Cost Analysis and the Organization

Cost Analysis and the Organization

By Eric Johnson

Every organization engages in constant analysis of the business and the reduction in costs is no exception. Obviously during the pandemic everyone is making sure to account to the last penny where they can save and pull costs out of the business. Even during good times, responsible stewards are always on the hunt to see where they can create efficiencies and do more with less.

Operations is a great place to start when looking to reduce costs since most of the activities of the occur here. While a good start, organizations need to take into full account the total aspect of the business. This means all processes used to meet demand and customer satisfaction, while ensuring that the customer experience is still maintained at its highest level. In these cases, cross functional teams are imperative. As a guide, the accounting group should provide a liaison so that operations can have a full understanding of how its activities convert into the financial statements.

In addition, there are other areas in the business that affect costs as well. SG&A costs are areas where managers will attempt to make reductions as it is perceived that these cost savings can be obtained without necessarily impacting operations and customer experience. Indeed this can be true, but special care needs to be taken as to where indirect costs are propelling the business forward and should be retained, vs. those that can be reduced based on efficiencies or business related aspects.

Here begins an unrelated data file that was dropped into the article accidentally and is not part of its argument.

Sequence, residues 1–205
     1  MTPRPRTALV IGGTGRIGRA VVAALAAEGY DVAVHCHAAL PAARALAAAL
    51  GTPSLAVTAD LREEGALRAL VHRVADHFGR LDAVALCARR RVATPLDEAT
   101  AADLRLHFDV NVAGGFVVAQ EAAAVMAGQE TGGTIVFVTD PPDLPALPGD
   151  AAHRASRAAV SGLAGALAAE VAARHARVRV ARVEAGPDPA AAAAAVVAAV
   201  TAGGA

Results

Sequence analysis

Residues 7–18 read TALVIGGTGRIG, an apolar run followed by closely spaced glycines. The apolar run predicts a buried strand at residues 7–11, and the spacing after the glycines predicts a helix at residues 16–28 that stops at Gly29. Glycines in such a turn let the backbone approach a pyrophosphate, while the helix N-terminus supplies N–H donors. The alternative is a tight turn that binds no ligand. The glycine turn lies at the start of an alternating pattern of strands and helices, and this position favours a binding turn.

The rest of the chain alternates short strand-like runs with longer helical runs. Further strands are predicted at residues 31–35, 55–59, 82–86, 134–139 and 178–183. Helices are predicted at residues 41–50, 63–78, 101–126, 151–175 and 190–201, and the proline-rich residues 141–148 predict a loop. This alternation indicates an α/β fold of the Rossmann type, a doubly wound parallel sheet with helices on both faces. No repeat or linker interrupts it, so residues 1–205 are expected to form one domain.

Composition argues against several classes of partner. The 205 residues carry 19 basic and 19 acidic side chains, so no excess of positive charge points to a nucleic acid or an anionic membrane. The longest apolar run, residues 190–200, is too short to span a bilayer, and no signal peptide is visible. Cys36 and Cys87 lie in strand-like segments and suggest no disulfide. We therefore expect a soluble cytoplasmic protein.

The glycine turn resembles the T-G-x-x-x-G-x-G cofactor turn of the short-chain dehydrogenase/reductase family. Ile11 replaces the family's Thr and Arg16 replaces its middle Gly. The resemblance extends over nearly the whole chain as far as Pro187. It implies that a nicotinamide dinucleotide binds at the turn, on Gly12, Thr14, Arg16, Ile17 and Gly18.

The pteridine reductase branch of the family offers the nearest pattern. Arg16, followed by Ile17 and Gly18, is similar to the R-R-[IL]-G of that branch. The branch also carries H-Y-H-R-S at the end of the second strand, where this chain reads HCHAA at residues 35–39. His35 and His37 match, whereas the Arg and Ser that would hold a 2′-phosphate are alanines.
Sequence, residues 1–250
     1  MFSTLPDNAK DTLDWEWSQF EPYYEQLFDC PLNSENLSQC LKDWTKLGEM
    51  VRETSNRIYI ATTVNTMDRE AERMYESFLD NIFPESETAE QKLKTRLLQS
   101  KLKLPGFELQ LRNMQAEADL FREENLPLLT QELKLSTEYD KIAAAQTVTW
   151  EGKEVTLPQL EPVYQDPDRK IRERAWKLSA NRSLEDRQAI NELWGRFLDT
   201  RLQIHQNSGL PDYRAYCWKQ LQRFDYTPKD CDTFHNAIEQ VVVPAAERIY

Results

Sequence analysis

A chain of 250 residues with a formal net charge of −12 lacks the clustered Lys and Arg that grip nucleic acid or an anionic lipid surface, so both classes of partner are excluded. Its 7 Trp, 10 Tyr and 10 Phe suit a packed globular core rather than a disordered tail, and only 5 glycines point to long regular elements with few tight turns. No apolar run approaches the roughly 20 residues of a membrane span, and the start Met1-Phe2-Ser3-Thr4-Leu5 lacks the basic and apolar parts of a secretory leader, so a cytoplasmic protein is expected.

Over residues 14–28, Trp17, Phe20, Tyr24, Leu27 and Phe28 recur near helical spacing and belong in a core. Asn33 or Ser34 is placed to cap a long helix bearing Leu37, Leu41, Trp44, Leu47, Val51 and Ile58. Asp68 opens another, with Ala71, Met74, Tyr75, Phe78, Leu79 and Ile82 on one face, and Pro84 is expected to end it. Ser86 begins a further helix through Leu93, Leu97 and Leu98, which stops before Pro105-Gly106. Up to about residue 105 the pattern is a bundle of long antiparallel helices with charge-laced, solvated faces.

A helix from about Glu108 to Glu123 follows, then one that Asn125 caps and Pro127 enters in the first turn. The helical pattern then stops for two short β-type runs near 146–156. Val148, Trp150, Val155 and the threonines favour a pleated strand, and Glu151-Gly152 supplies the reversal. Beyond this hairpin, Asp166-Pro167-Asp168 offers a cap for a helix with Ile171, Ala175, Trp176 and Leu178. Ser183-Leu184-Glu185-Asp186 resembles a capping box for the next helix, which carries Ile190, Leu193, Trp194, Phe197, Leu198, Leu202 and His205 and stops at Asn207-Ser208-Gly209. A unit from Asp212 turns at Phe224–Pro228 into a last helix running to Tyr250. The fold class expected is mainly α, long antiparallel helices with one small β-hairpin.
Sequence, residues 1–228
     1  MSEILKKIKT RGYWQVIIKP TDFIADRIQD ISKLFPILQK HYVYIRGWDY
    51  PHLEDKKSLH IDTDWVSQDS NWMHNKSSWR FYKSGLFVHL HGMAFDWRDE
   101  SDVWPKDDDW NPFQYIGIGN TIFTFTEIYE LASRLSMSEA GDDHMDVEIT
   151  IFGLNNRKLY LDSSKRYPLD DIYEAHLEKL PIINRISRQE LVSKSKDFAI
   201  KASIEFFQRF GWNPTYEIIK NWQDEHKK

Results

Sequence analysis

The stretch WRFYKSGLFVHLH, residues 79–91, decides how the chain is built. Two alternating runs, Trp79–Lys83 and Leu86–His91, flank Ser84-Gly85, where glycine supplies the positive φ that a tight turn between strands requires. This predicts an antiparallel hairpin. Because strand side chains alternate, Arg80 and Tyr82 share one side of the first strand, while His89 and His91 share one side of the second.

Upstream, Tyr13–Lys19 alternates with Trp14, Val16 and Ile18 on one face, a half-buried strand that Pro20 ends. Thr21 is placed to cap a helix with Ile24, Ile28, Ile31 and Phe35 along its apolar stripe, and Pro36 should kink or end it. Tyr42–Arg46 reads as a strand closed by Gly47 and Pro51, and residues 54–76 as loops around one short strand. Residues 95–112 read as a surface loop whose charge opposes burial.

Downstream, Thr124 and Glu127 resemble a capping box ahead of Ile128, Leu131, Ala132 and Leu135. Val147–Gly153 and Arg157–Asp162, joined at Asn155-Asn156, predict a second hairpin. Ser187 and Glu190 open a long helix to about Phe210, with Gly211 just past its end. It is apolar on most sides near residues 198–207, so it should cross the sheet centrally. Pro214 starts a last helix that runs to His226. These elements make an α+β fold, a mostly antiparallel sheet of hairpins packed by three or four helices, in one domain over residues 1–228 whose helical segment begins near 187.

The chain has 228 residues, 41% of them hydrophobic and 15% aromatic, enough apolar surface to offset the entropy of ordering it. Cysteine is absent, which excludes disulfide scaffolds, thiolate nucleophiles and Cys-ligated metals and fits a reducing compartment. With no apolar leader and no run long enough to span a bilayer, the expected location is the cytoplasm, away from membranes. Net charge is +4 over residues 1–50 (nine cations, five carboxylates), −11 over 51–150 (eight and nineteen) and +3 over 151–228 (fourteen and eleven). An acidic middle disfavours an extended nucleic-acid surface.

Over the next several posts, we will take a look at some examples of organizations that have performed cost reduction exercises through various approaches – from organization-wide down to distinct lines of business. From product-oriented companies to services, reducing costs in the business should be comprehensive affair, involving all affected stakeholders. Additionally it should involve some aspect of customer analysis and involvement, either through surveys or direct customer interaction.

Taking all this into account should indicate that this is never easy, nor is it 100% foolproof. There are some organizations that after cutting costs had to reinstall certain processes do to either inadequate planning, or by not taking into account all variables. However for those organizations willing to put in the effort, there exists the tremendous potential to reduce various expenditures while keeping customers happy, in effect strengthening the organization for the survival in the marketplace.